The fact that two of his pieces, Dovetale and 2010, will feature in the massive and diverse Time-Based video program at Summer Live—in celebration of Vancouver’s 125th birthday (Friday to Sunday [July 8 to 10] at Brockton Oval)—points to his stature. He’s emerged as a grand old man of the city’s avant-garde, even if the reputation for outrage lingers. In a 2009 article, the Globe and Mail managed to describe Wong as both an “eminence grise” and an “enfant terrible”.
When the Georgia Straight arrives to talk to Wong at his studio, located on a particularly pretty stretch of Main Street, the enfant terrible is posing for a photographer in front of one of his more recent incitements. Commissioned by Calgary’s Glenbow Museum last year, 2 Hot 2 Handle marries the museum’s permanent collection of historic bronze cowboy sculpture to video taken at a gay rodeo. Wong toys with the idea of going nude for the shoot. “One of the old tricks of performance art was taking your clothes off,” he tells us. “But after the age of 32, you really need to think about what you’re doing.” A beat passes, and he adds, “After 64, it’s all right again.”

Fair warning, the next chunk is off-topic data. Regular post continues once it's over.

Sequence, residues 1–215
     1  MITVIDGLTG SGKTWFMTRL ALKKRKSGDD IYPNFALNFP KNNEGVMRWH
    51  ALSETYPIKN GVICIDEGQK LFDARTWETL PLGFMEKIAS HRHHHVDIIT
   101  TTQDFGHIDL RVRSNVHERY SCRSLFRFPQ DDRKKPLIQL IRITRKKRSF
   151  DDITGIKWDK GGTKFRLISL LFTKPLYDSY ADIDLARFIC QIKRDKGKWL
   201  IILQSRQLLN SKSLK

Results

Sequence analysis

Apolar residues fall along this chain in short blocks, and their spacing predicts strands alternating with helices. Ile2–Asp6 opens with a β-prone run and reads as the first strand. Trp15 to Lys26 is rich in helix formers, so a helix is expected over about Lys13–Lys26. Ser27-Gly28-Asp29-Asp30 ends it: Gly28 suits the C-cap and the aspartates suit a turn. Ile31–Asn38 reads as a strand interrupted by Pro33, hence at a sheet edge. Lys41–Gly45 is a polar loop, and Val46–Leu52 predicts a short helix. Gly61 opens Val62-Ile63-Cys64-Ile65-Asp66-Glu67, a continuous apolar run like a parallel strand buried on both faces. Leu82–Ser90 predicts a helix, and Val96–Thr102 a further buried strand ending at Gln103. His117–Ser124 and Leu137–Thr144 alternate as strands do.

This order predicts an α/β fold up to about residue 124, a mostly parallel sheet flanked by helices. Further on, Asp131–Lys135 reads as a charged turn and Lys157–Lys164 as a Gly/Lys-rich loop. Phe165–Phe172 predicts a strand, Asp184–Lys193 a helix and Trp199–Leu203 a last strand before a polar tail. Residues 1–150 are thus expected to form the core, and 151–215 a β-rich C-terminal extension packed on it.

The studio itself is labyrinthine, cozy, and bedecked with kitschy bric-a-brac along with tubs of cables and electronic gear. An old board game called The Kennedys sits on one shelf; on another is a little robot that’s supposed to connect to a computer and talk to you, but the software isn’t available anymore. “It’s obsolete before you even take it out of the box,” Wong tuts, explaining that his nephew got him to buy it. “He shows me what to watch on YouTube,” he says. A blazing set of photographs taken in Cuba and intended for the Winsor Gallery adorns the hallway. Elsewhere, a pewter plate commemorating Camp David hangs on one door. “That’s on my bathroom door,” he explains, “because that’s my presidential retreat.”
The stairwell leading to the studio is decorated with three big frames from The Refugee Class of 2000, a series of TV spots commissioned by the Canadian Race Relations Foundation to run during the CTV national news. The shots depict three teenagers, one black, one white, and one Chinese, beneath them the words jig-a-boo, white trash, and chink. In another room, Wong points to a riotously coloured collage of images depicting Karla Homolka. Pointing to her hair, Wong says, “I thought this was [Lindsay] Lohan, and my niece said, ”˜No, Hilary Duff.’ ”